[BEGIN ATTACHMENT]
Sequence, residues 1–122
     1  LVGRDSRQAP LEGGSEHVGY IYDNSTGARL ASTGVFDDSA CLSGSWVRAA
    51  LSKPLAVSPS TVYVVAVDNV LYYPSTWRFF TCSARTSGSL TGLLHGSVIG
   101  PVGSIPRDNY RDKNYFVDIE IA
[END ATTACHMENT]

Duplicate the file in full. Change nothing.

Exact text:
Sequence, residues 1–122
     1  LVGRDSRQAP LEGGSEHVGY IYDNSTGARL ASTGVFDDSA CLSGSWVRAA
    51  LSKPLAVSPS TVYVVAVDNV LYYPSTWRFF TCSARTSGSL TGLLHGSVIG
   101  PVGSIPRDNY RDKNYFVDIE IA